Patricia F. Fitzpatrick Dimond Ph.D. Technical Editor of Clinical OMICs President of BioInsight Communications

Researchers are tackling TACAs in the search for better immunotherapies.

According to scientists, the “booming” development of glycobiology and glycochemistry has enabled identification and analysis of many structures of tumor-associated carbohydrate antigens (TACAs), potentially leading to novel immunotherapeutic targets and cancer biomarkers.

Tumors aberrantly express various glycoproteins, defined as proteins that contain oligosaccharide chains (glycans) covalently attached to polypeptide side chains. Glycoproteins may be important integral membrane proteins, where they play a role in cell–cell interactions.

Glycoproteins regulate many different aspects of tumor progression including proliferation, invasion, angiogenesis, and metastasis. In the tumor environment, changes in glycosylation allow neoplastic cells to hijack many of the events that occur during normal development such as receptor activation, cell adhesion, and cell motility, allowing tumor cells to invade and spread throughout the body.

Tumors expressing a high level of certain types of TACAs exhibit greater metastasis and progression than those expressing low levels of TACAs, as reflected in decreased patient survival rate.

Documented examples of such TACAs include H/Le(y)/Le(a) in primary non-small-cell lung carcinoma, sialyl-Le(x) (SLe(x)) and sialyl-Le(a) (SLe(a)) in various types of cancer, Tn and sialyl-Tn in colorectal, lung, breast, and many other cancers; GM2, GD2, and GD3 gangliosides in neuroectodermal tumors (melanoma and neuroblastoma), globo-H in breast, ovarian, and prostate cancer, and disialylgalactosylgloboside in renal cell carcinoma.

But because of their characteristic variable immunogenicity and/or immunotolerance, most TACAs fail to induce the T-cell-mediated immunity that is critical for cancer therapy. Approaches to overcome this limitation or improve their immunogenicity include coupling covalently TACAs to proper carrier molecules to form clustered or multi-epitopic conjugate vaccines, pairing TACAs with a T-cell peptide epitope and/or an immunostimulant epitope to form fully synthetic multicomponent glycoconjugate vaccines.

Rolling in the MUC1

Writing in the journal Vaccines last year, Behjatolah Monzavi-Karbassi, Ph.D., and colleagues reviewed some of the challenges associated with development of glycoprotein-based vaccines. Citing the favorite target of glycan-based vaccine developers, MUC1, cancer vaccines targeting this antigen had been based on carrier-conjugated unglycosylated MUC1 tandem repeat peptides or carrier-conjugated glycosylated epitopes. These efforts proved largely unsuccessful. MUC1 is a high-molecular-weight glycoprotein having few isoforms encoding both a transmembrane and cleavage-truncated secreted (soluble) product. Both forms are expressed by more than 90% of solid epithelial tumor cancers as well as most common nonsolid tumors including multiple myeloma.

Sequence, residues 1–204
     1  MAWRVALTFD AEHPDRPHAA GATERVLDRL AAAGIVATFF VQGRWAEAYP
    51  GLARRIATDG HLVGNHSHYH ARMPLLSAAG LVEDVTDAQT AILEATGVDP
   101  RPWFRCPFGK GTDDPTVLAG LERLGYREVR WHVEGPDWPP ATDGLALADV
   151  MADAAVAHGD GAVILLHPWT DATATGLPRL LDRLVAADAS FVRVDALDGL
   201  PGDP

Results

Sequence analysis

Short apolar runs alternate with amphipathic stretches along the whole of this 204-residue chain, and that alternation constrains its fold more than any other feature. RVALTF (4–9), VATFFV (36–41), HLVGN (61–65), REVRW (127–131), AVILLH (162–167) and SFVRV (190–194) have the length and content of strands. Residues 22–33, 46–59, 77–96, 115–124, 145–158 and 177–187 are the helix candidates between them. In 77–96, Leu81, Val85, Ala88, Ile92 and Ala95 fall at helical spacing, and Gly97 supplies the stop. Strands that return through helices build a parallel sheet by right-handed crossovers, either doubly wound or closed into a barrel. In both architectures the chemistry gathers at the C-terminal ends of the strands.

Obstacles, the authors said, partially relate to the conformational differences between nonglycosylated vaccine sequences and tumor-expressed, aberrantly glycosylated MUC1. Moreover, densely glycosylated MUC1 glycopeptide might be inefficiently processed by antigen-presenting cells, which ultimately means T helper cells and CTLS aren’t highly activated.

In 2012, Vani Lakshminarayanan, Ph.D., and colleagues working in the laboratory of Sandra Gendler, Ph.D., at the department of biochemistry and molecular biology, Mayo Clinic, AZ, and the Complex Carbohydrate Research Center University of Georgia in Athens, GA, thought that better immunogenicity of MUC1 would be obtained using glycopeptides more representative of the novel forms of MUC1. The rationale was that individuals would be less tolerant to these novel cancer-associated glycopeptide forms and that direct linking of the vaccine components would result in superior cytotoxic CD8+ T cells, eliciting robust titers of IgG antibodies that lyse relevant tumor cells by antibody-dependent cell-mediated cytotoxicity (ADCC).

They note that MUC1 is aberrantly glycosylated by epithelial cancer cells, as shown by truncated O-linked saccharides. The resultant glycopeptide epitopes can bind cell surface major histocompatibility complex (MHC) molecules and can be recognized by cytotoxic T lymphocytes (CTLs), whereas aberrantly glycosylated MUC1 protein on the tumor cell surface can be bound by antibodies to mediate ADCC.

The vaccine is composed of the immunoadjuvant Pam(3)CysSK(4), a peptide T(helper) epitope and an aberrantly glycosylated MUC1 peptide. Covalent linkage of the three vaccine components, they said, was essential for maximum efficacy. The vaccine produced CTLs, which recognized both glycosylated and nonglycosylated peptides, whereas a similar nonglycosylated vaccine gave CTLs, which recognized only nonglycosylated peptides. Antibodies elicited by the glycosylated tripartite vaccine were significantly more lytic compared with the unglycosylated control.